I am a bit new to the field and had a question regarding bootstrapping. As bootstrapping gives an idea of the standard deviation of the sampling distribution of the mean, does it also give an idea of the standard deviation of the variances of the samples ? If yes, then how? Also, if anyone can provide any reading resources for the topic, that would be very helpful.

I would be grateful for any help.

  • $\begingroup$ Do you have a particular dataset in mind? For what purpose do you want the standard error of the SD? Making a CI for population SD? Testing a hypothesis? Please be specific. $\endgroup$
    – BruceET
    Jul 12 at 18:19
  • $\begingroup$ I want to make a CI for population SD. Please let me know if you need any more information. Thanks ! $\endgroup$ Jul 12 at 18:22
  • $\begingroup$ It is not customary (nor IMHO appropriate) to use the standard error of the sample SD in making such a CI. See my bootstrap CI below. $\endgroup$
    – BruceET
    Jul 12 at 19:35

I suppose your data is not normal. If data were normal, there is an exact procedure for a CI of $\sigma$ based on pivoting the quantity $\frac{(n-1)S^2}{\sigma^2} \sim \mathsf{Chisq}(\nu = n-1).$

Suppose you have right-skewed data with the following summary descriptions:

summary(x);  length(x);  sd(x)
   Min. 1st Qu.  Median    Mean 3rd Qu.    Max. 
  16.55   34.09   48.53   51.87   67.09  104.60 
[1] 40
[1] 23.04401
boxplot(x, horizontal=T)

enter image description here

There are many styles of 95% nonparametric bootstrap confidence intervals. One of them is illustrated below, giving the CI $(19.9,\, 28.6).$ Because $\sigma > 0,$ this style of bootstrap CI is based on ratios rather than difference. [Thus, it does not use a 'standard error' for the sample standard deviation.]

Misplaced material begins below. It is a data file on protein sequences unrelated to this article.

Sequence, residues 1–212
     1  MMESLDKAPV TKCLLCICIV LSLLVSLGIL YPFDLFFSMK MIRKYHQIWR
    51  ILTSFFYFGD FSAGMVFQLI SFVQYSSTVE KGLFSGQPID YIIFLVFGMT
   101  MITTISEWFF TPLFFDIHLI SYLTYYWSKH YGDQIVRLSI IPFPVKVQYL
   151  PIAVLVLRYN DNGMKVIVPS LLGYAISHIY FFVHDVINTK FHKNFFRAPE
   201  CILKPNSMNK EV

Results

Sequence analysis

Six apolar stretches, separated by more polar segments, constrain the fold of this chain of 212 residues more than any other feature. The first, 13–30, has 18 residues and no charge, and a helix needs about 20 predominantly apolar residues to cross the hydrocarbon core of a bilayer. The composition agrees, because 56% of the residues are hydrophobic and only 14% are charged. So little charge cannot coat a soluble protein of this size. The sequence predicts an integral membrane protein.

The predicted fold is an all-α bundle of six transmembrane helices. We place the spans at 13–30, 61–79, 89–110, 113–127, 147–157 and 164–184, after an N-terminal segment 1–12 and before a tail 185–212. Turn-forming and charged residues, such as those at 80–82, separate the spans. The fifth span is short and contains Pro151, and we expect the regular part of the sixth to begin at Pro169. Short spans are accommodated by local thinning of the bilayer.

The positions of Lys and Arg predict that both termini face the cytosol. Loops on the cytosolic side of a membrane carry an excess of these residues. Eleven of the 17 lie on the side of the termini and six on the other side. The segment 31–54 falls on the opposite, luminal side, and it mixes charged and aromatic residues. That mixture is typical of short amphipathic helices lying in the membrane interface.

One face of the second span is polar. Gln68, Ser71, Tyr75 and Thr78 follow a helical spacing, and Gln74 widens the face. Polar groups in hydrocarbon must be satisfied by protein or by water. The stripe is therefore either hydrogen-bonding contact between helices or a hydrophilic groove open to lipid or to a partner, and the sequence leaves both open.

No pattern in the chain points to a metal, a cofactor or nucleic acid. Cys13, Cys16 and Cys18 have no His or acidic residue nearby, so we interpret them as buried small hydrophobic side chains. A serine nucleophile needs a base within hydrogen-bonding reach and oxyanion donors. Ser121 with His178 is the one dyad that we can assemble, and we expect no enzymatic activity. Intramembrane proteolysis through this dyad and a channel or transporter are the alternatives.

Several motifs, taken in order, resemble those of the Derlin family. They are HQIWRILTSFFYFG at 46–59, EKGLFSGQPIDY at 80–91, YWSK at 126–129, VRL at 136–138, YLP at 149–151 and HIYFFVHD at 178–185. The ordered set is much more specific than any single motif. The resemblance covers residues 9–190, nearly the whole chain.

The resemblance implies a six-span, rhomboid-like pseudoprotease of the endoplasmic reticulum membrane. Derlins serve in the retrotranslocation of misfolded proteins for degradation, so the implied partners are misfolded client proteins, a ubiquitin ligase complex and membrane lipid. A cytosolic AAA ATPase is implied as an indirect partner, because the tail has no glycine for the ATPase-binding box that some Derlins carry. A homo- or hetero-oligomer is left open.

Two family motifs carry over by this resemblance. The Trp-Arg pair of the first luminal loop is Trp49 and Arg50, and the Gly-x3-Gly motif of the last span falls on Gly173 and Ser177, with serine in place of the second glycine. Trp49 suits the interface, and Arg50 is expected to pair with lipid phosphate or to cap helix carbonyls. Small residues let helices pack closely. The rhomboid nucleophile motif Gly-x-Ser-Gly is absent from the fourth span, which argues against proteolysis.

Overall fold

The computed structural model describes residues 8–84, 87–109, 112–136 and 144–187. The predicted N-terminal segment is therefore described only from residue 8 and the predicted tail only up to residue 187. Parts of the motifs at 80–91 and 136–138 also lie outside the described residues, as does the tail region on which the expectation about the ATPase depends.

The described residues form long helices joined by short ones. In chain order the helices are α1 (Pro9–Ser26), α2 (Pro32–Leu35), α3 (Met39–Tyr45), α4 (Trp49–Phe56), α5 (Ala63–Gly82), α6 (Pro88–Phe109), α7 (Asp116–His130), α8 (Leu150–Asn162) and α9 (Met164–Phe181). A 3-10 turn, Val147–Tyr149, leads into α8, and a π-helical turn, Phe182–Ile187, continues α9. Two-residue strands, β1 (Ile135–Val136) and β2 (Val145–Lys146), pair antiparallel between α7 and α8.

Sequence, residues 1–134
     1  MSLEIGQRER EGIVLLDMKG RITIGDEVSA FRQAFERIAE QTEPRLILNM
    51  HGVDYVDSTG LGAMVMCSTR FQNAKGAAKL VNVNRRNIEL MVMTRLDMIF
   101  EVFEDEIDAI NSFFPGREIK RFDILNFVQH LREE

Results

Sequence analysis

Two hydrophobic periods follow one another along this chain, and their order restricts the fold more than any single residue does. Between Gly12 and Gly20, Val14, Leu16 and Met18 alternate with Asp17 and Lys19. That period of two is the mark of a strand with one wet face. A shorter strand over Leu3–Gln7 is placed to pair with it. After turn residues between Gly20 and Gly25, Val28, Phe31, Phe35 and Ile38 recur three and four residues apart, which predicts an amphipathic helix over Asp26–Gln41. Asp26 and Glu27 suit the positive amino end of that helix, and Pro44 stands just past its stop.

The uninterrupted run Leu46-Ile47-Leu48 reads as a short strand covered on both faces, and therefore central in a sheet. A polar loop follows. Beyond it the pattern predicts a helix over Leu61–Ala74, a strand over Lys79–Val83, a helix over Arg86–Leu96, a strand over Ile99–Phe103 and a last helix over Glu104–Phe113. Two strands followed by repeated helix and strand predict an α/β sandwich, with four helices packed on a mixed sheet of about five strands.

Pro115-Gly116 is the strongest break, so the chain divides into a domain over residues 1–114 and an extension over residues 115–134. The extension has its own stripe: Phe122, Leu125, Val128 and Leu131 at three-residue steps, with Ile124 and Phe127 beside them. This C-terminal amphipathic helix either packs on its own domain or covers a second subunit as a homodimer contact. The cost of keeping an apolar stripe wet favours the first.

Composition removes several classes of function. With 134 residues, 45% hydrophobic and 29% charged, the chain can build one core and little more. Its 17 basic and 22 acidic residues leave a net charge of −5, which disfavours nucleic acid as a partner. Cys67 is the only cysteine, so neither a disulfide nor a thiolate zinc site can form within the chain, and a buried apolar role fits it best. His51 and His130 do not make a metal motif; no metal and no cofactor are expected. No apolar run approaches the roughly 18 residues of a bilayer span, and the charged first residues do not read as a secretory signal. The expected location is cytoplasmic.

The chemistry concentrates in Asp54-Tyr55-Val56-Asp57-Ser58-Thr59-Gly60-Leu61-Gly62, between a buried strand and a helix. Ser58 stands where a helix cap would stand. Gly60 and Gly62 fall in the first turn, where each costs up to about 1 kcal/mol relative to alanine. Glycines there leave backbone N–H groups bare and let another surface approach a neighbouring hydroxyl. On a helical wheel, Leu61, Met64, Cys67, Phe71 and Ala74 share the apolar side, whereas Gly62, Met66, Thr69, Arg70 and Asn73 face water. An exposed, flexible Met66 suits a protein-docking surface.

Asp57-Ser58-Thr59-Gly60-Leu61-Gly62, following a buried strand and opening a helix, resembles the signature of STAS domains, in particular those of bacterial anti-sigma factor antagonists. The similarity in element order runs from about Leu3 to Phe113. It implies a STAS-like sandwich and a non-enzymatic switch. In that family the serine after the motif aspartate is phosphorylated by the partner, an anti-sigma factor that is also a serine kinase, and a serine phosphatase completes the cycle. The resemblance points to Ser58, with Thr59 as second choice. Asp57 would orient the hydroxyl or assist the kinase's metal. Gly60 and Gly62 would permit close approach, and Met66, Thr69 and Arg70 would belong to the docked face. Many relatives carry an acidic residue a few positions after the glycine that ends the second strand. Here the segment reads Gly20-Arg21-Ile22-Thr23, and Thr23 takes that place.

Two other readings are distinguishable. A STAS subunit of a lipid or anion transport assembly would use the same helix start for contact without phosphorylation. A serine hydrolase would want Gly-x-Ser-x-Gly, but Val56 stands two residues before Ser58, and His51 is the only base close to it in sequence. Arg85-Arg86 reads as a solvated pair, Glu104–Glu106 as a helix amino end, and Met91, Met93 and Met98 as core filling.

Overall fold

s.obs = 23.04401
d.re = replicate(5000, sd(sample(x,40,rep=T))/s.obs)
UL.re = quantile(d.re, c(.975,.025))
CI = s.obs/UL.re;  CI   
   97.5%     2.5% 
19.90666 28.55302 

Note: The fictitious data for this demonstration was sampled in R as shown below. The population standard deviation for the distribution $\mathsf{Gamma}(5, .1)$ is $\sigma = \sqrt{500} = 22.3607.$

x = rgamma(40, 5, .1)

Incorrectly assuming normal data would have given the bogus "95% CI" $(18.88, 29.59)$ for $\sigma.$ This CI also happens to include the true value of $\sigma$ (which would remain unknown in a real application).

[1] 18.87676 29.58933

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